DeKALB – DeKalb resident David Barrow, owner of OC Imageworks, was recently honored in his hometown of Denton, Texas, for his documentary “When We Were All Broncos.”
July 15 was officially designated “David Barrow Day” in Denton in recognition of Barrow’s efforts to tell the story of Denton’s transformation from a segregated southern town into a community that led the way for desegregation in Texas during the 1950s and 60s.
“I played on a racially integrated football team in 1972 that went farther in the Texas state playoffs than any Denton team in 43 years,” Barrow said. “The friendships among the players, the success we enjoyed, the pride the town felt in our team—none of it would have happened if weren’t for some extraordinary Denton citizens who paved the way for us. I wanted to tell their story and express the gratitude that many of us feel for their efforts.”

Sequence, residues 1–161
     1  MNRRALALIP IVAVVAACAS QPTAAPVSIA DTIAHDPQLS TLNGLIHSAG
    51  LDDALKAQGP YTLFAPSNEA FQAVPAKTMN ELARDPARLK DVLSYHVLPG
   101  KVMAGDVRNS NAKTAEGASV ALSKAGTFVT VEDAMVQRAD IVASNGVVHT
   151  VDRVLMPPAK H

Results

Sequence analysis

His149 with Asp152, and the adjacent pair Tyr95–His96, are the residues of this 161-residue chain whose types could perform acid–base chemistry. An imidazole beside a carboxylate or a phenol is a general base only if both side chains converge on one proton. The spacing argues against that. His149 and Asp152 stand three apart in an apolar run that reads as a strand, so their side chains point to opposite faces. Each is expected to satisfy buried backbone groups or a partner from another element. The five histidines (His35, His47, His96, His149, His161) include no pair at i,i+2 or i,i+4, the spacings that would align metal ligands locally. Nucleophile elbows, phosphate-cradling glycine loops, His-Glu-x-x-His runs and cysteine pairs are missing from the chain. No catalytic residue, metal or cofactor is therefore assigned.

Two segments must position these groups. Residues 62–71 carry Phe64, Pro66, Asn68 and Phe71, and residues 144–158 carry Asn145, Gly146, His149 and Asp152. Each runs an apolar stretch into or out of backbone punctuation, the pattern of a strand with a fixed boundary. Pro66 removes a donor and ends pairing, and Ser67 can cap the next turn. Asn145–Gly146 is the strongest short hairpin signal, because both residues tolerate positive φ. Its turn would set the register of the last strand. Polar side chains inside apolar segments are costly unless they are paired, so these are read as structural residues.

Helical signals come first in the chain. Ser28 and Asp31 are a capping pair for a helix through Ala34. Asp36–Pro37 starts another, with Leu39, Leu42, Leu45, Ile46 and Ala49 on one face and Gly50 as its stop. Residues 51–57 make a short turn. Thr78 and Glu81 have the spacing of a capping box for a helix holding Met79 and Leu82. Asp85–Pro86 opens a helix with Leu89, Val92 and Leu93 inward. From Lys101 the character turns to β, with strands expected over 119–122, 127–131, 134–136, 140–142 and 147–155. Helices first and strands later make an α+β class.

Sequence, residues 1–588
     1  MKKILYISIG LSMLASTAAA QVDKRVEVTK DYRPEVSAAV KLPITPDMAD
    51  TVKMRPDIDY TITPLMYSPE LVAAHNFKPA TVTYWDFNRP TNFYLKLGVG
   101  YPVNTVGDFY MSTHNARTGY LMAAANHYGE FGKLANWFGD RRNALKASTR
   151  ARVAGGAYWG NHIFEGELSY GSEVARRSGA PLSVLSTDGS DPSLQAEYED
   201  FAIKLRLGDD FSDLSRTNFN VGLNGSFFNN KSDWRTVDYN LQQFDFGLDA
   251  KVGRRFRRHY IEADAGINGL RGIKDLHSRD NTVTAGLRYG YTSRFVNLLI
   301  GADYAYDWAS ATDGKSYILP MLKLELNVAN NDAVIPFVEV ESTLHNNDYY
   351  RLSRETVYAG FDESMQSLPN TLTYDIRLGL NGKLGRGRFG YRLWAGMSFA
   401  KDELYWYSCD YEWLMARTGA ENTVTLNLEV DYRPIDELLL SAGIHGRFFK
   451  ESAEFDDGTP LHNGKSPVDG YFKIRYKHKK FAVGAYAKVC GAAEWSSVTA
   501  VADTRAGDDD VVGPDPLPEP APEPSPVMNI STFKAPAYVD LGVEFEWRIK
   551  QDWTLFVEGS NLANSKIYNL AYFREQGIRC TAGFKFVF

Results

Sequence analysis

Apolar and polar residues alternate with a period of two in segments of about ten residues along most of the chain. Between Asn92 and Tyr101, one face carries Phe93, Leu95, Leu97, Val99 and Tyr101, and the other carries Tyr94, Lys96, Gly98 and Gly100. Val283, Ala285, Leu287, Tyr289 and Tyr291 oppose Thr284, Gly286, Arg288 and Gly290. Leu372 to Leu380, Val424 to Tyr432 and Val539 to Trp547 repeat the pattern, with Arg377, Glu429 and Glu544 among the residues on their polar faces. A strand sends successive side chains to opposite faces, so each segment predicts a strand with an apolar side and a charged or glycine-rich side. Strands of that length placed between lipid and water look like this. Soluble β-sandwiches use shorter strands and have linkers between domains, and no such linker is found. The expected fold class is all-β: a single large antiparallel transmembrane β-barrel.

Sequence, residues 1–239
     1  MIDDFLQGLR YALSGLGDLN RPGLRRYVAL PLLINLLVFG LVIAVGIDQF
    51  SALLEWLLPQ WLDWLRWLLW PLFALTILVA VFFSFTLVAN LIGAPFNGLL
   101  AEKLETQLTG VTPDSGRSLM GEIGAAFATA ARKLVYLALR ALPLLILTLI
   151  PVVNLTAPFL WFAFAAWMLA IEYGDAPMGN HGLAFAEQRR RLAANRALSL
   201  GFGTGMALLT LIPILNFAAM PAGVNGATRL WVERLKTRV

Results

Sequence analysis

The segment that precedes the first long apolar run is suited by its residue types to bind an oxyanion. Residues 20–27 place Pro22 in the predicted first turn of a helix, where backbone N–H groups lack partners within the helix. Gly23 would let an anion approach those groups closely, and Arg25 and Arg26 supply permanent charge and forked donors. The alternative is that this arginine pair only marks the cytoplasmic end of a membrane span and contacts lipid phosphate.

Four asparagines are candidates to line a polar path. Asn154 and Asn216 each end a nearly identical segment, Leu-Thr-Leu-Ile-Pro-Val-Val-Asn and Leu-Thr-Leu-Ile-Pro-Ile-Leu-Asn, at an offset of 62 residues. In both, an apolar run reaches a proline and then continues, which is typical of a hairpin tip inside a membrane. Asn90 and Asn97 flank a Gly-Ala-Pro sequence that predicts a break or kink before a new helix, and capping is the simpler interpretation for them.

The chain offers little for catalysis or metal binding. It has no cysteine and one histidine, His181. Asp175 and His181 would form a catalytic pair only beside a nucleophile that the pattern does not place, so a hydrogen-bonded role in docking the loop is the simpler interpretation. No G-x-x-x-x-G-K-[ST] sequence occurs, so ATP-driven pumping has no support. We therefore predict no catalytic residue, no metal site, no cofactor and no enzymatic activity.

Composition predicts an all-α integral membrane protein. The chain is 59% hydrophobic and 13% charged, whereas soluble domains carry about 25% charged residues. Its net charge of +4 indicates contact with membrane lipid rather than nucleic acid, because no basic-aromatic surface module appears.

The documentary premiered in February at Denton’s Thin Line Film Festival and was met with rave reviews and large crowds. Two additional screenings were added to accommodate popular demand, and Barrow went back to Denton in April for two encore screenings at Denton High School.
“Denton’s school board was the first in Texas to voluntarily desegregate its schools, and there were other positive actions leading up to that decision that were unique for the time and place,” Barrow said. “It’s really an inspiring story about a great community.”
Barrow hopes to contact local educators to see if the documentary can be shown in high schools in DeKalb County.
“There really weren’t that many of us who experienced desegregation in the South as students,” Barrow said. “We all know the stories of conflict and violence that accompanied the civil rights struggle, but few of us know about those instances where people came together voluntarily for the common good. I think the story of Denton, by and large, is one of those positive stories.”
Barrow notes that credit for the film’s impact belongs equally to his son, Brian, a graduate of DeKalb High School and the Florida State University Film School who filmed and edited the documentary with the help of OC Imageworks’ director of photography, Miguel Sierra.
“Working with Brian and Miguel on this film was its own reward,” Barrow said. “I couldn’t have done it without them.”